FIG. 1 is a schematic cross-sectional view of a polarization controller using a squeezer. Referring to FIG. 1, two parallel plates 20 contacting the side of an optical fiber 10 squeezes the fiber 10. The pressure applied to the fiber 10 forms a fast axis and a slow axis therein since refractive indices in the direction of squeezing pressure and in its normal direction become different. The squeezer 5 comprises the two parallel plates 20 and means for pressuring (not shown). A series of three squeezers, the squeezing directions of which are twisted by 45 degrees between adjacent ones, can produce optimum polarization state by adjusting the respective squeezing pressures.
This method can be used in a study of small laboratory level. However, it is not adequate for automatic application, and causes the complexity of system configuration when applied to sensor arrays using only one common optical detector since a series of three squeezers should be equipped with one sensor.
Method Using a Loop-type Polarization Controller
The loop-type polarization controller uses the birefringence induced in an optical fiber when the fiber is bent in a loop shape. Radial direction of the loop and direction normal to the loop plane become birefringence axes. Appropriately adjusting the radius of a loop can make the loop a quarter-wave plate.
FIG. 2 schematically shows the configuration of a loop-type polarization controller 25.
Referring to FIG. 2, two loops are arranged in series and each loop can be rotated in T-direction along the axis of the linear fiber portion. If the angle between two loop planes is optimally adjusted, maximum interference can be realized.
This method provides more convenient way of controlling polarization compared to the method using a squeezer. However, it is also inadequate for automatic and sensor array applications.
Method Using Input Polarization Scanning
When optical waves passed through two different fiber optical paths interfere with each other, the interference visibility depends upon the polarization state of input light as well as the birefringence of the fiber. In this method, three different polarization states, all of which can not cause the interference signals to disappear simultaneously are input one by one with time in pulse mode, and then the output signals are separated by a detector to produce a maximum signal. In principle, the three polarization states satisfying this condition can be represented by three points on the Poincare Sphere, where the lines from the center of the Sphere to the three points are mutually perpendicular.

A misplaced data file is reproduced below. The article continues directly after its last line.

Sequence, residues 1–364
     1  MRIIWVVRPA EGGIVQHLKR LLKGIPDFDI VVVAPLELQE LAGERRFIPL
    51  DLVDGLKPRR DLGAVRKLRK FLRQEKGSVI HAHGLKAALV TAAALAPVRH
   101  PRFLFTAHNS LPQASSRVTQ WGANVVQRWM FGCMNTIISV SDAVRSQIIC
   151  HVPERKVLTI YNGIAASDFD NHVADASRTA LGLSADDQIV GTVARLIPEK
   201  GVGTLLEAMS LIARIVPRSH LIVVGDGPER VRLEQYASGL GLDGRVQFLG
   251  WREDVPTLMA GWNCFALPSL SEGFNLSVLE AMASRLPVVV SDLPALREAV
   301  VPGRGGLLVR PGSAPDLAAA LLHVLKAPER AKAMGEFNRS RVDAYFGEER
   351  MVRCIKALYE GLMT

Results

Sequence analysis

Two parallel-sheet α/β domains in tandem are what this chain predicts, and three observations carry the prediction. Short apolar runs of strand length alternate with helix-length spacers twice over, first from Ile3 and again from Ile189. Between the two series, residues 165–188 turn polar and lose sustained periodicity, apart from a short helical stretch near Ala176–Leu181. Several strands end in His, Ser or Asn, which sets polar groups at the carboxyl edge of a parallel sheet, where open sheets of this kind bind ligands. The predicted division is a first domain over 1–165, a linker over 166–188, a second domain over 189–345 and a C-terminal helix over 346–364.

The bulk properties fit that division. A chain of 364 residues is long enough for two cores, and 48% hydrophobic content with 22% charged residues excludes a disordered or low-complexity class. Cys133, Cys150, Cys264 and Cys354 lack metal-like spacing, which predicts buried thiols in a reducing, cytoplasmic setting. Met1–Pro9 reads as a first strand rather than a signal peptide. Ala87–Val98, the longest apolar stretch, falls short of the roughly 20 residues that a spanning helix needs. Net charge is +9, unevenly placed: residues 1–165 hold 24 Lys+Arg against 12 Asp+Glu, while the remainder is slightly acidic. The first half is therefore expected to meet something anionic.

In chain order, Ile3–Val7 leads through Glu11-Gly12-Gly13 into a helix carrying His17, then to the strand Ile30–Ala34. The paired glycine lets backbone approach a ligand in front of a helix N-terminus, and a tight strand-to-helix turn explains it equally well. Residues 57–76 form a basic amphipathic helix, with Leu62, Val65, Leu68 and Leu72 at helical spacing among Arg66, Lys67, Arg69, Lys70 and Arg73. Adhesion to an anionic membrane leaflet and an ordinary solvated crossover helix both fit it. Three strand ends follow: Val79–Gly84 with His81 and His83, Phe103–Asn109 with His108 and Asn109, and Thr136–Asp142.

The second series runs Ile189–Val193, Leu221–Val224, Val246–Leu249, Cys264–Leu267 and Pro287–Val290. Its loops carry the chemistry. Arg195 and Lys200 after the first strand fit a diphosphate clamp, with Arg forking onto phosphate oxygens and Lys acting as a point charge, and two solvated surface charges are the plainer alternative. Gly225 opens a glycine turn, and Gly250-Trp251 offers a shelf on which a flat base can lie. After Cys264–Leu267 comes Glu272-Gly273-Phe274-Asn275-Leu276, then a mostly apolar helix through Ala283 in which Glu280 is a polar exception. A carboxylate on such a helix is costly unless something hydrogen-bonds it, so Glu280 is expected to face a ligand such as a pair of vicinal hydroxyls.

This method is adequate for automatic and sensor array applications, however, has the complexity of signal processing since one maximum signal should be selected from the comparison of three signals.
There are other methods using such as polarization masking or polarization switching besides the above-described methods. However, these methods also have problems of complex signal processing and noise generation.
The object of the present invention is to introduce a novel device called fiberoptic dual frequency shifter and to provide two complementary interferometric signals so that they do not suffer polarization-induced signal fading simultaneously by using this device in fiber-optic interferometers. Generally, any polarization state in the fiber is a linear sum of the two orthogonal eigen polarization states of the fiber. In the case of usual fiber-optic frequency shifter, the optical frequencies of the two eigen polarization states are frequency shifted to the same amounts. But according to the present invention, the two eigen polarization components are differently frequency shifted. The dual fiberoptic frequency shifter may be made of an elliptic core optical fiber or a polarization maintaining optical fiber.
The present invention also provides a fiber-optic interferometer adapting the dual frequency shifter in one of the two optical paths. This configuration produces two beat interference signals of different frequencies whose amplitudes are always complementary. Due to polarization fluctuation, the amplitudes vary with time but they are never faded simultaneously and the larger signal is selected and used for sensing the measurand.
The detailed description particularly refers to the accompanying drawings in which:
FIG. 1 is a schematic cross-sectional view of a polarization controller using a squeezer;
FIG. 2 schematically shows the configuration of a loop-type polarization controller;
FIG. 3 schematically shows the configuration of the fiber-optic dual frequency shifter according to the present invention;
FIG. 4 shows a mode converter that is used together with the fiber-optic dual frequency shifter of FIG. 3;
FIG. 5 shows one of a simple configuration of a fiber-optic Mach-Zehnder interferometer according to the present invention;
FIG. 6 shows beat interference signals at the output port of optical interferometer of FIG. 5 in case that the input optical wave has only one eigen polarzation of the dual frequency shifter;
FIG. 7 shows an observed phase modulated beat interference signal in the same condition of FIG. 6 and the phase of the optical wave passing through the upper arm of the interferometer is modulated by a phase modulator which is not shown in FIG. 5.
FIG. 8 shows two beat interference signals when the input optical wave has two eigen polarizations of the dual frequency shifter. They are differently frequency shifted for two eigen polarisations;
FIGS. 9A and 9B show, respectively, the amplitudes of the two beat interference signals under polarization change of a optical wave passing through the upper path;